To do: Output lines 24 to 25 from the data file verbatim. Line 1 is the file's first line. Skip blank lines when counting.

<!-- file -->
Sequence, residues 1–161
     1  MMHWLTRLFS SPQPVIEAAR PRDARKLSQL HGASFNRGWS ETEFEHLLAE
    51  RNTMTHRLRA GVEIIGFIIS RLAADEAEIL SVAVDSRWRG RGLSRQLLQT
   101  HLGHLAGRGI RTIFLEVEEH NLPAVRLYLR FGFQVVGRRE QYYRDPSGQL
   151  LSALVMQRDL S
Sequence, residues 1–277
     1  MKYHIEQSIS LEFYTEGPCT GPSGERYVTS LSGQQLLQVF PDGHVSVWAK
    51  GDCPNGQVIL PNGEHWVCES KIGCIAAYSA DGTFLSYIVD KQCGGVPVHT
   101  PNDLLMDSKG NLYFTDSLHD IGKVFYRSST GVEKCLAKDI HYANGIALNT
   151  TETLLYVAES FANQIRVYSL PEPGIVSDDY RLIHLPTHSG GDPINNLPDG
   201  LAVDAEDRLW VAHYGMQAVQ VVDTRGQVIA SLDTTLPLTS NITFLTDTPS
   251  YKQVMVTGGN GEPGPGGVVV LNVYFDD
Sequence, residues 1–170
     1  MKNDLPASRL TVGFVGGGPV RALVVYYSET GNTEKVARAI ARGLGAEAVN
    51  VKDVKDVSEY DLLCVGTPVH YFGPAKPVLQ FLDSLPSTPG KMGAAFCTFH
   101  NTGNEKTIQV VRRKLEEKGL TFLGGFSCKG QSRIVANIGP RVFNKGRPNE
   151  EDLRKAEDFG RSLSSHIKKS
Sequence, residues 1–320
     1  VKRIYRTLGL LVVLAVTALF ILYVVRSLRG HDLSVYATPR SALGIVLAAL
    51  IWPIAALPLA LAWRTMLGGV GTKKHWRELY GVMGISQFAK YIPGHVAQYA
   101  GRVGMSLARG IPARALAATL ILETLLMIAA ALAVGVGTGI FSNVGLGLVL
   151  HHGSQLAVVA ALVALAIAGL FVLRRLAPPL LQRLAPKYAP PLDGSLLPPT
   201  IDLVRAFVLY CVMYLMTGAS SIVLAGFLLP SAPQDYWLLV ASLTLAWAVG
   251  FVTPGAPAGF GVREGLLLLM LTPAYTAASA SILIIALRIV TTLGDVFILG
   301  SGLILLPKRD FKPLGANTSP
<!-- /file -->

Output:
   251  FVTPGAPAGF GVREGLLLLM LTPAYTAASA SILIIALRIV TTLGDVFILG
   301  SGLILLPKRD FKPLGANTSP